Allergies

Although medical controversy focuses on the causes and mechanisms of allergy even on the definition of the term to the lay person the chief mystery is, how can a person suddenly become allergic to things that previously caused no harm? And why do certain things affect one person strongly and others not at all?

Much remains to be learned. But from the beginning, the word “allergy” has been used to describe a type of adverse reaction by the body’s immune system to a foreign substance. Normally, the immune system develops antibodies only as a response to the presence of a potentially harmful substance (such as a virus). The antibodies produced are then specific to that substance, and will be produced again immediately if that substance is encountered later. In an allergy, this mechanism is brought into operation by a harmless substance (like pollen or some foodstuffs). Re-exposure to this substance known as an allergen results in the production of antibodies, and a subsequent allergic reaction.

Food allergies in babies may be one cause of hyperactivity, in which the baby cries and moves incessantly. Among the chief culprits are food colorants added to some foods (such as orange juice), although even milk causes an allergic reaction in some babies.

Allergic reactions

Many allergic reactions involve a common mechanism the over-production by the body of a type of antibody known as IgE. This antibody binds to the surface of a special cell called a mast cell. When the IgE antibody combines with the allergen, the mast cell releases its contents, called H-substances. These include histamine, prostaglandins, and leukotrienes, which are the most important mediators of allergic reactions. These mediators cause tissue swelling, because they increase local blood flow and also cause small blood vessels to leak fluid into the surrounding body tissues. Several common symptoms of allergy result, for example, in swollen, red, itching lumps in the skin (hives), a stuffed-up, runny nose (rhinitis), or red, itching eyes (conjunctivitis).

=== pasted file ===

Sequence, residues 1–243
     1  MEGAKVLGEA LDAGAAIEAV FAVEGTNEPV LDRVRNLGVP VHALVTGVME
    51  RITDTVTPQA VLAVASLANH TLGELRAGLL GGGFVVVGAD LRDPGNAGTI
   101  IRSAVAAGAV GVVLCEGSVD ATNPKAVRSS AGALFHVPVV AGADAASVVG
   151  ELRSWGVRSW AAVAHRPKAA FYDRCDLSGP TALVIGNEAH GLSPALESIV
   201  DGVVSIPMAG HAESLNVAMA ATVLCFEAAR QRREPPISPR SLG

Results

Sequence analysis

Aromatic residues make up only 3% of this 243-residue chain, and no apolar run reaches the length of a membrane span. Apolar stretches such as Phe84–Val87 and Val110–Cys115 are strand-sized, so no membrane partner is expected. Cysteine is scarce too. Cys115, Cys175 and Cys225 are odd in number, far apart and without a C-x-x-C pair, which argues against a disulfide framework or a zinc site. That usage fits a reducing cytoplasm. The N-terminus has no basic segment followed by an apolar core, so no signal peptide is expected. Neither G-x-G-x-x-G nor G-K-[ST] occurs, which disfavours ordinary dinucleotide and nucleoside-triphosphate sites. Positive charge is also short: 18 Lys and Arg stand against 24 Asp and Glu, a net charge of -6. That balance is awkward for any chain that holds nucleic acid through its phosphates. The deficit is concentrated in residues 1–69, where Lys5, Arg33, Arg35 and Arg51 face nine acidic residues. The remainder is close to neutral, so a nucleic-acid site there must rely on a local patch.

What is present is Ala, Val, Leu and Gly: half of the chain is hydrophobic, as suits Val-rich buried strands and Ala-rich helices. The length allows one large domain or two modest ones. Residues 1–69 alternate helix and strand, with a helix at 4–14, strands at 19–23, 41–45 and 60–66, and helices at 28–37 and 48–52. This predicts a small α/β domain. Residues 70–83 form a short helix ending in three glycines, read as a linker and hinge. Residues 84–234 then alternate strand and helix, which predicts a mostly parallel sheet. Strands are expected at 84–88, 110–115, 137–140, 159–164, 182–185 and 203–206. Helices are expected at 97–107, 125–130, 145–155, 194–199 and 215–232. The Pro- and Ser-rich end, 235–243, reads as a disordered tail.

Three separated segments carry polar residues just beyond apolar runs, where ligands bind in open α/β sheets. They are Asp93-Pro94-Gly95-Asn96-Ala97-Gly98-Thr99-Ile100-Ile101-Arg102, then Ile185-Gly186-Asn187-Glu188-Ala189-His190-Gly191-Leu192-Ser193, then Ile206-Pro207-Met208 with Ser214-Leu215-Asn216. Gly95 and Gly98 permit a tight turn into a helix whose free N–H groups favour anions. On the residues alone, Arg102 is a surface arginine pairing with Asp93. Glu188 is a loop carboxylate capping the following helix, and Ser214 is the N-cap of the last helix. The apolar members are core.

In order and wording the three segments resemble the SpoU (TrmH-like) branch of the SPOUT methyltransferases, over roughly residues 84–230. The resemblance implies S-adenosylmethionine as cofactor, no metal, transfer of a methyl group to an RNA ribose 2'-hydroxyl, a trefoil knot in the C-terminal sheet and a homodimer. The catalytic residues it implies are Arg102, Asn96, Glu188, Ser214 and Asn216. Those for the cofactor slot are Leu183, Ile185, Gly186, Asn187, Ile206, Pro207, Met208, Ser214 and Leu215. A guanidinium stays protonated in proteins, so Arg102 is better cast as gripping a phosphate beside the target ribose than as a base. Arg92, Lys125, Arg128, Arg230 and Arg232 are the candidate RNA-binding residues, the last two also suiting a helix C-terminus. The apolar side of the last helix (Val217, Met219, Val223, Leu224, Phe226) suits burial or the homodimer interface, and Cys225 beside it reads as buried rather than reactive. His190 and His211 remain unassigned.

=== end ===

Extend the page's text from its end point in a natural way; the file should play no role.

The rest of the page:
Some allergic reactions are relatively minor, but mast cell allergic mediators also cause more severe reactions, such as anaphylaxis or asthmatic attacks. Anaphylaxis occurs when histamine is released into the bloodstream in large quantities. This produces a sudden fall in blood pressure, which causes physiological shock. There also may be intense swelling of tissues in the throat, which can cause asphyxiation. Anaphylaxis is rare, but can occur if a susceptible person is injected with a drug, such as penicillin, to which he or she is allergic, or suffers an allergic reaction to insect stings, in an asthmatic attack, the release of histamine and leukotrienes in the walls of bronchi in the respiratory tract causes the smooth muscle to contract, thus narrowing the bronchi and causing partial respiratory obstruction. The characteristic asthmatic wheezing and difficulty in exhaling results. Another common cause of allergic reaction is certain food, and recent studies suggest that migraine headaches may be associated with food allergies in some way.

Certain allergies, especially hay fever, asthma, and eczema, often run in families. This pattern is known as atopy, and those who are affected are described as atopic. Individual members of a family may be afflicted with one or all types of reaction, due to excess IgE production. The exact reason for this is not known, but it is probably due to a minor abnormality in the complex control systems that regulate immune responses to foreign substances. Because the immunoregulatory network changes during an individual’s lifetime, new allergies may appear and old ones disappear in a totally unpredictable manner.

Allergy and the twentieth century

Current thinking suggests that the changes in diet, in the environment, and in the stresses of everyday life characteristic of modern times actually encourage the development of allergies, both by increasing the number of powerful potential allergens and by increasing the overall susceptibility of people.